Untamable, Overlapping Electric Power Markets

 | Nov 09, 2012 | 6:50 PM EST  | Comments
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As a commodity, electric power has always has been a difficult trade. To simplify, investors used independent power producers as their proxy to the power markets. They could be making a mistake.

Unlike oil and natural gas, where West Texas Intermediate and Henry Hub are frequently used as benchmarks, North American power markets offer no national clearing price. Several attempts have been tried; all failed.

The reason is there are at least twelve separate and uncorrelated markets: Ten formal markets and at least two informal markets. Some could even argue there are dozens more informal markets. But when all markets are combined, there is no single number, which can represent a national price for power.

The inability to integrate the markets is attributed to the markets' designs. Each power market was built organically in the 1990s. While general principles were consistent among the markets, specific rules varied by region. Each region had unique ideas on how to trade the commodity and how to manage reliability. As a result, it is nearly impossible to create a national market.

The ISO/RTO Council (IRC) offers a snapshot of North American power markets. IRC provide a map that illustrates current geographic locations of the six US markets, the combined US-Canadian market and the three Canadian markets. They also show vast regions in the nation's southeast and western regions where there are no formal markets. What they don't show is the expected expansion of one market in the Midwest. Nevertheless, the map illustrates the challenge; it's impossible to derive a national clearing price for power.

To make matters even more confusing, a separate group called North American Electric Reliability Corporation (NERC) also divided the national power markets. NERC's design addresses reliability challenges, not commodity markets. As such, NERC divided the nation differently (see their map) but utilities often interchange NERC and IRC designations.

Most investors ignore market details and jump into positions with their favorite national power producers like Calpine (CPN), NRG Energy (NRG), GenOn Energy (GEN), Dynegy (DYN), Exelon (EXC) and Entergy (ETR). Most are unaware all of these producers straddle more than one power market. As such, when investors bet on a specific company, they have also been betting on power market combinations.

A good example is Calpine. As their NERC-based map indicates, they are producing power in all U.S. power markets, including several informal markets. An investment in Calpine is, among other things, an investment all the national power markets.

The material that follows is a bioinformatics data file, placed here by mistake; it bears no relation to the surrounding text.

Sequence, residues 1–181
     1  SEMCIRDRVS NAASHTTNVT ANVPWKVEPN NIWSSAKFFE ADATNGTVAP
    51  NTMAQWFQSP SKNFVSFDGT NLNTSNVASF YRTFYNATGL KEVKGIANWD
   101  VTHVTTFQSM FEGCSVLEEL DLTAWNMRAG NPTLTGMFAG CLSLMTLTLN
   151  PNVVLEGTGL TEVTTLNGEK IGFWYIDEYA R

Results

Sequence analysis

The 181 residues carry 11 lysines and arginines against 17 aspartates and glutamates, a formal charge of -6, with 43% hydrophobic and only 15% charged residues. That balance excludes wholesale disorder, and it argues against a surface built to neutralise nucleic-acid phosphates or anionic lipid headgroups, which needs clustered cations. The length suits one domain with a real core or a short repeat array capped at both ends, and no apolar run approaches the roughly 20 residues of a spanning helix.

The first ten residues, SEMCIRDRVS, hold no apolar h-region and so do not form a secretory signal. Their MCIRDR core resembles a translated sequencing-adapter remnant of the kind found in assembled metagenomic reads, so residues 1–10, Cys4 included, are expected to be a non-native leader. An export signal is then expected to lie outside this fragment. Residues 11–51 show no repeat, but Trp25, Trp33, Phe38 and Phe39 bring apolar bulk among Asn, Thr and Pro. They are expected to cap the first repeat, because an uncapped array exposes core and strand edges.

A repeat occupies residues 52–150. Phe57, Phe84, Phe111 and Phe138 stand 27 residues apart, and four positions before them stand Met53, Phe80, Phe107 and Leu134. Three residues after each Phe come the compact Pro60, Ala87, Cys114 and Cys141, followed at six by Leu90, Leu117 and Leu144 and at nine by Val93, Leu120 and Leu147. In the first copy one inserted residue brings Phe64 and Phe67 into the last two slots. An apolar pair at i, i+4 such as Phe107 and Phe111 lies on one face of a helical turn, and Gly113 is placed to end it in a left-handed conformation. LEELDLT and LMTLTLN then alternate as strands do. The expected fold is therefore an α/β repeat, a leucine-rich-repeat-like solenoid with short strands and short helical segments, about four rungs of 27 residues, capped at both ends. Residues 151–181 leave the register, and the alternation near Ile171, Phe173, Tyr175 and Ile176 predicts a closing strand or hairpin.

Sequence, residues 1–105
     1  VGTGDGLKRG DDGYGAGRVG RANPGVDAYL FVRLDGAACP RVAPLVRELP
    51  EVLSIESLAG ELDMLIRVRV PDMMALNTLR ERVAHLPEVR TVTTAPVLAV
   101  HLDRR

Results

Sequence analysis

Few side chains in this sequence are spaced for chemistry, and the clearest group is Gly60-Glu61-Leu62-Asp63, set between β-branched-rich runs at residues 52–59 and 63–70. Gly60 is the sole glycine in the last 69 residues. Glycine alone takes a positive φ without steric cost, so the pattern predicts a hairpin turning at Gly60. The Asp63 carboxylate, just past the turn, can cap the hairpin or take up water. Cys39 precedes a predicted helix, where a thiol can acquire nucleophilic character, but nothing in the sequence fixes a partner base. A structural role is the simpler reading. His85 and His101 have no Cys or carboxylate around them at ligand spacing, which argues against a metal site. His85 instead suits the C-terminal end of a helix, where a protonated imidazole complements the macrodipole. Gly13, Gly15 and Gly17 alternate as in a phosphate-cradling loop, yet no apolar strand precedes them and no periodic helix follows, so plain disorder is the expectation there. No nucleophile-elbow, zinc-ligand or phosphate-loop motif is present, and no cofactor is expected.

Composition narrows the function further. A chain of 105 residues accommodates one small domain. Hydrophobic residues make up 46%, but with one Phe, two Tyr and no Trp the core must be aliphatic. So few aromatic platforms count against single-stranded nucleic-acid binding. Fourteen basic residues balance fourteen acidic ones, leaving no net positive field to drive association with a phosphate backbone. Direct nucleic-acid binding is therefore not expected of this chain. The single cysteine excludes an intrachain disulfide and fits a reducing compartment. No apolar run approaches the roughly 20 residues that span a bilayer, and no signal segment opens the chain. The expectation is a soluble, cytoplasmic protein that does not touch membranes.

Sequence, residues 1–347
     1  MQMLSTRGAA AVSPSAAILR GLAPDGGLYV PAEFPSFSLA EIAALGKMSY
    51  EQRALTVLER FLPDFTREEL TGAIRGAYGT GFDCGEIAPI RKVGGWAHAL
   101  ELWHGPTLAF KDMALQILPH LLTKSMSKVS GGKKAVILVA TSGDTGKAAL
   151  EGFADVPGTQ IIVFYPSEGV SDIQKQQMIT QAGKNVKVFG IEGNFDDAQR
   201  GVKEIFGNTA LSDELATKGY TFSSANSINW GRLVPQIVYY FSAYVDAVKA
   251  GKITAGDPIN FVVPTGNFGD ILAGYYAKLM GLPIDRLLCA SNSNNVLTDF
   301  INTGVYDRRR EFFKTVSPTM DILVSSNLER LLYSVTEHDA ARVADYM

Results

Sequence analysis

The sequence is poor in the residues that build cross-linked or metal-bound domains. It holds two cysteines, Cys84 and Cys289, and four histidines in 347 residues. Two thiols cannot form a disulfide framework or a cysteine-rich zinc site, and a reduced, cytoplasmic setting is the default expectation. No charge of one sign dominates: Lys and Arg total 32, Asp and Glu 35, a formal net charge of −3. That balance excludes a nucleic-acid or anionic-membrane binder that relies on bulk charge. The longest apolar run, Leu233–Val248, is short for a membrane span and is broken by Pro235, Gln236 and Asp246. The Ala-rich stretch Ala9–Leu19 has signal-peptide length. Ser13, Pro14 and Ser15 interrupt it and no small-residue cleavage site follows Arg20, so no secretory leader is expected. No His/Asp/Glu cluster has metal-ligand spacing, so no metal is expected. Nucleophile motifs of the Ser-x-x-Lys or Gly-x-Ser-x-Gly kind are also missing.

Like Calpine, NRG Energy has a multi-market footprint. While not as expansive, NRG operates in six separate power markets (California, Texas, Midwest, PJM, New York and New England) and one informal market (Arizona and Nevada). They own a minority interest in a coal plant in Australia. They also are in the process of acquiring GenOn Energy.

GenOn operates in the same markets as NRG plus one additional market. GenOn has 1,317 megawatts in the Southeast, which includes Mississippi, Alabama and Florida. The have substantial presence in California and PJM (covering the Mid-Atlantic States). Merging GenOn assets with NRG does not materially alter NRG's footprint, but it certainly complements their strategy.

Dynegy competes with NRG in California and New York. It has a small presence in PJM and New England. They have a significant presence in Illinois, which are mostly coal units operating in the Midwest power market (MISO).

Exelon's independent power subsidiary operates nationwide, but 92% of its capacity is nuclear. Exelon's nuclear assets operate primarily in PJM, with additional assets in New York and the Midwest. In Exelon's case, it is important for investors to appreciate that the eastern side of the power markets behave differently from the Midwestern. Eastern submarkets have higher gross margins than Midwestern locations.

Entergy's independent power subsidiary operates primarily in Louisiana, Arkansas, New York and New England. Entergy owns the nation's second-largest fleet of nuclear power plants, some of which remain fully regulated and are not subject to market conditions. Their deregulated fleet operates in New York and New England and they depend heavily on New York and New England power markets.

Not only are investors exposed to the risks of multiple markets, they are also exposed to a variety of fuel strategies. Calpine is a pure play on natural gas in multiple power markets. Exelon is a play on nuclear power generation in eastern markets. NRG owns a basket of generators, including nuclear, and they represent a play in multiple markets. Dynegy relies on Midwestern coal.

Do not oversimplify the independent power business. Before making an investment or analyzing performance, make sure there is a clear understanding of the company's strategic position.

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